Germany’s construction industry continues suffering from a slump in demand for apartments and residential housing, which is putting pressure on construction material and labour pricing.
According to national construction federation Hauptverband der Deutschen Bauindustrie, the price for new constructions in August this year saw a downturn for the first time since 2020. The federation also notes a shift of activity from newbuilding to complementary works in existing buildings. The considerable decline in orders and permissions for new buildings has a direct effect on pricing for all services. “Companies are making price concessions to keep their staff in work,” says Bauindustrie managing director Tim-Oliver Müller.
“If prices continue not to cover the costs any more, a wave of bankruptcies could be looming,” he warns. In fact, cases of bankruptcies in the first half of 2023 rose by about 40% year-on-year. Revenues no longer cover costs. One of four companies active in new residential housebuilding are not breaking even, which is the highest ratio since 2011. In the first eight months of the year, the number of permissions issued for residential units fell by 28% in comparison with the first eight months of 2022.
The downturn is tracing through to ancillary trades which depend on construction. “Construction is a key sector for all trades, and it is just about to completely collapse,” warns Jörg Dittrich, president of the German Confederation of Skilled Crafts and Trades (ZDH).
Consumers are scared off by skyrocketing prices for real estate over recent years, rising interest rates for loans, and too much bureaucracy. Federations keep calling on the government to facilitate procedures and to deliver incentives. They appreciate that a recent measure, the “Construction Package” (Baupaket), points in the right direction.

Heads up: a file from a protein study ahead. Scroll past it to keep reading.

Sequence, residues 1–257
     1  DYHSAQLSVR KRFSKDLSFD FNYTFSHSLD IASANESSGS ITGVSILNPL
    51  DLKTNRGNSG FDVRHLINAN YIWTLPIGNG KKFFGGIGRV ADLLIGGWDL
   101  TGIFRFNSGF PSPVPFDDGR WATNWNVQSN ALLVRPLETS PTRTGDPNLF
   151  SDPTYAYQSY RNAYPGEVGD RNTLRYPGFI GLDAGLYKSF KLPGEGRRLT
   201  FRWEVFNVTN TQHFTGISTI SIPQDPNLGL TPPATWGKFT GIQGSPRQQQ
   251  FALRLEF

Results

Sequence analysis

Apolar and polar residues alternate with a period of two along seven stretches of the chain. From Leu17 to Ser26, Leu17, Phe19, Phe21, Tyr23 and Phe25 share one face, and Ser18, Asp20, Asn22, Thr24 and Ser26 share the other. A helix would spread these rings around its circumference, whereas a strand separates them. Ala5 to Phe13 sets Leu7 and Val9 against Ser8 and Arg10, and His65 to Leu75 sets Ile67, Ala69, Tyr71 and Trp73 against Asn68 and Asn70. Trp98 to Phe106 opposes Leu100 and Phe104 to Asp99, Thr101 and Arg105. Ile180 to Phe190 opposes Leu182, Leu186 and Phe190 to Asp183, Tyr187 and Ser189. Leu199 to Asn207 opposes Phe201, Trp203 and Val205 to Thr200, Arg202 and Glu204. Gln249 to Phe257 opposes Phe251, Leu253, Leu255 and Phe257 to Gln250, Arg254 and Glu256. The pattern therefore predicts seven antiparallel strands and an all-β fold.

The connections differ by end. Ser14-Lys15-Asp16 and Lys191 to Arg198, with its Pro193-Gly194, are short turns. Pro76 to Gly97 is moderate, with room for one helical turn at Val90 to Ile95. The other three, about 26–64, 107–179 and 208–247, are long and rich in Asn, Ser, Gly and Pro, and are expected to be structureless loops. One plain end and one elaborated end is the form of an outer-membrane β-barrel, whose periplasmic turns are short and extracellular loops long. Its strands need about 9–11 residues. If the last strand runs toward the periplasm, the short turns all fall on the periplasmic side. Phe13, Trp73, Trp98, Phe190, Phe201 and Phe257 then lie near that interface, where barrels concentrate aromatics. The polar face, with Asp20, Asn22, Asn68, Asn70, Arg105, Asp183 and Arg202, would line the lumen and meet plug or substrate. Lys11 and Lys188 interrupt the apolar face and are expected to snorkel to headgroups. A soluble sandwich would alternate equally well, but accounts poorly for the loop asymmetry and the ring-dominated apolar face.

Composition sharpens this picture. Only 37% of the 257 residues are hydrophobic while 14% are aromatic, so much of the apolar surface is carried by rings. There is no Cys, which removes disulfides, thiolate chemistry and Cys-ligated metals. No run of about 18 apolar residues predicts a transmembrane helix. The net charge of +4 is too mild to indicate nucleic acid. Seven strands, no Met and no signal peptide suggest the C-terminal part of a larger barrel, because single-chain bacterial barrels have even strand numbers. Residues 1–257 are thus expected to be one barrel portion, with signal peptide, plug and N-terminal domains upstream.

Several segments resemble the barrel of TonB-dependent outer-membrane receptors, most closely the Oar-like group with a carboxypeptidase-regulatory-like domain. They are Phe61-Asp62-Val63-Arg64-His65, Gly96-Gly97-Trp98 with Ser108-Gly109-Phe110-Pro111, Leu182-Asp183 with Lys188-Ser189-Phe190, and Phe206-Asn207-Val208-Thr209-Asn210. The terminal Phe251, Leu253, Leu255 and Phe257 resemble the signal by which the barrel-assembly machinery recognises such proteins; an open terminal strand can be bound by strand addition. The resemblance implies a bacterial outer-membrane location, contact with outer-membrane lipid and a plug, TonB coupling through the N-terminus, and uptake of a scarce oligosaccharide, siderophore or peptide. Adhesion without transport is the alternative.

However, one buyer of construction materials including reinforcing steels warns it will take time until the measures takes effect. “It is a good gesture and will have a positive impact, but for another half a year we will not see movement,” he tells Kallanish.
German rebar mills recently dared to announce a hike in base prices, four months after they bottomed slightly above the line of €300/tonne ($319). Most deals will have been done at around €320-330, which plus size extra of €265 translates to a delivered price of €585-595/t. Following a buying spree in late September, mills are now utilised and trying to fetch €350/t or more for new orders. It remains to be seen if the elevated prices will be upheld in the next buying wave, presumably in December or January.
Observers in both Germany and Austria tell of a fierce price war among benders of rebar, which are selling at lower than intake prices, thereby confirming the concerns expressed by German industry representatives.
Christian Koehl Germany